How Donald Trump Could Undermine Police Reform

November 13th 2016

Adeshina Emmanuel

Donald Trump's victory in the presidential election could signal a drastic shift in priorities at the federal Department of Justice when it comes to tackling civil rights violations at local police departments.

"Law enforcement is a state and local issue for the most part and should be dealt with at the appropriate level," Trump said during the campaign, in answer to a questionnaire from the International Association of Chiefs of Police.

Trump added that the feds shouldn't have a role in "demanding data from state law enforcement organizations," despite a lack of data collected about officer-involved shootings, The Washington Post reported.

Perhaps most troubling is how Trump has advocated for an expansion of stop-and-frisk policing, a strategy that was ruled unconstitutional in New York City because Black and Latino people were disproportionately targeted for street stops.

Trump defended his assertion in a September interview with Fox News' Sean Hannity:

"I think Chicago needs stop and frisk. ... Now, people can criticize me for that or people can say whatever they want. But they asked me about Chicago, and I think stop and frisk with good strong, you know, good strong law and order. But you have to do something. It can't continue the way it's going."

"Undermined and reversed."

"Given what Donald has said about what's going on with police in this country during the campaign, given his appeal to people who hold racist views, given his own history of being engaged in discriminatory conduct, I am terribly worried that the important work done by the Civil Rights Division is going to be undermined and reversed," said Jonathan Smith, former head of the DOJ's Civil Rights Division.

Police should be better respected, as Trump has stressed, said Sean Smoot, director and chief legal counsel for the Police Benevolent and Protective Association of Illinois, a union that represents police supervisors. But he disagreed with expanding stop and frisk.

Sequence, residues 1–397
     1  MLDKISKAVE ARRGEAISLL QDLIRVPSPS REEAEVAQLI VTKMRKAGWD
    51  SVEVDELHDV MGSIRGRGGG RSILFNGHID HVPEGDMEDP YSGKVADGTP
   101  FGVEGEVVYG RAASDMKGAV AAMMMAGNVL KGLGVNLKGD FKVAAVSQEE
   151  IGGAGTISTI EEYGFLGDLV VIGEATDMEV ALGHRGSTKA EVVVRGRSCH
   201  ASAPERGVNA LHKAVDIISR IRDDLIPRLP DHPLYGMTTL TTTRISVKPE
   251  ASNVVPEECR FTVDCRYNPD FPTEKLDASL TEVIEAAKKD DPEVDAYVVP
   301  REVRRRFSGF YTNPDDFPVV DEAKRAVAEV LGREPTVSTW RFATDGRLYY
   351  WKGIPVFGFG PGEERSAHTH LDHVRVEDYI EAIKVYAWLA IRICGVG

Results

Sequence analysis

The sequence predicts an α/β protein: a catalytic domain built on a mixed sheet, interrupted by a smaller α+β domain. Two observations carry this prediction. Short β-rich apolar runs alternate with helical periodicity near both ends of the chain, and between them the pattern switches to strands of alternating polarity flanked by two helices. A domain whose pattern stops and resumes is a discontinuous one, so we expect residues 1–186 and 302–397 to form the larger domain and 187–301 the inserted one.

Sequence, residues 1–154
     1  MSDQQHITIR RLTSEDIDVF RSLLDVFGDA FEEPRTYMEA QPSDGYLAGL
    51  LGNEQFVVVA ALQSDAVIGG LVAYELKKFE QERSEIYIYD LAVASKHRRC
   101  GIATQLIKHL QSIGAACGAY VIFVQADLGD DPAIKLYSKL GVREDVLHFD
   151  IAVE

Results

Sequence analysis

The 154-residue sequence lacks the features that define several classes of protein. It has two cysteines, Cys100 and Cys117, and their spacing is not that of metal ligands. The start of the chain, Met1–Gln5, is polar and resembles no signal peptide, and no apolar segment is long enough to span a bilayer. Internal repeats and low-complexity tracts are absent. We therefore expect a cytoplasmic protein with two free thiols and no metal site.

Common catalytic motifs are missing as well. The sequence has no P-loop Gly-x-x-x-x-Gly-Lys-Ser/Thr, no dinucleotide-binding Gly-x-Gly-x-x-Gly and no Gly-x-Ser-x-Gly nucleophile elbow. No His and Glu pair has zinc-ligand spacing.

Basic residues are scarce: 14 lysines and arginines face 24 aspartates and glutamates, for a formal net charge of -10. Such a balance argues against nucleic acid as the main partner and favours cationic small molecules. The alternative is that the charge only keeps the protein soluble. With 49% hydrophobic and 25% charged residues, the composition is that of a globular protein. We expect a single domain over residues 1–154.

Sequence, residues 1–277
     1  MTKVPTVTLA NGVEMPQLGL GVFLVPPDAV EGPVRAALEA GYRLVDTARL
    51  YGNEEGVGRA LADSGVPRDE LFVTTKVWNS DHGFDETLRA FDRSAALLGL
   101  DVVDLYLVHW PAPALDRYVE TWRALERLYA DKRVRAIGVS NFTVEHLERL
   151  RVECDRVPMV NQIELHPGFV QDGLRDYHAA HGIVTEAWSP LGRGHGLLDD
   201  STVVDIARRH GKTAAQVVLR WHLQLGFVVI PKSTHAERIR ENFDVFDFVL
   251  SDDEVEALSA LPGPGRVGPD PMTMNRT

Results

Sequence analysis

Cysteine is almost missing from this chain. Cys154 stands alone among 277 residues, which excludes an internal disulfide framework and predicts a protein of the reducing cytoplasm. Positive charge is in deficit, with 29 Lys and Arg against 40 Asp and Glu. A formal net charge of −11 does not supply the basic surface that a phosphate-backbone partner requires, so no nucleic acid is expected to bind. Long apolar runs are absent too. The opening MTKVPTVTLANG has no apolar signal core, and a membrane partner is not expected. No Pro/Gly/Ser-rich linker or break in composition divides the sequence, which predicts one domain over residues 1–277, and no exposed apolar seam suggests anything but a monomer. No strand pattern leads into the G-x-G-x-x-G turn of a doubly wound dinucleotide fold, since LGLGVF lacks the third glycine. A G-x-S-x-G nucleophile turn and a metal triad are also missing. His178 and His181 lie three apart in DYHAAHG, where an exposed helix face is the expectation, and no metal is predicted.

"In New York, where they have really tapered stop and frisk, their crime rate has continued to go down," Smoot said. "So by increasing something that is questionable constitutionally and, based on New York's experience, that isn't going to necessarily make for a good policy. But, then again, I don't [know] that's what his policy will be."

Trump "will definitely undermine the movement" against alleged police brutality.

That's the feeling of Jedidiah Brown, an activist and pastor in Chicago who stormed the stage at a Trump rally in Chicago in March.

"His way is stop and frisk," Brown said in a phone interview from Chicago Friday, where protests against Trump have taken place since his victory earlier in the week. "And he's very ignorant to to the lives of people in these Black and brown neighborhoods."

President Barack Obama has been more aggressive scrutinizing abuses at police departments than both presidents before him.

Obama's administration leaned heavily on a 1994 civil rights law that helped the DOJ compel change at troubled police departments in cities such as Seattle, Cleveland, and Ferguson, Missouri. Courts ordered departments to revise policies governing use of force, officer training, systems of accountability, data reporting, and more. Chicago and Baltimore have open DOJ probes.

President George W. Bush's DOJ Civil Rights Division was more hands off when it came to police departments, compared to President Bill Clinton.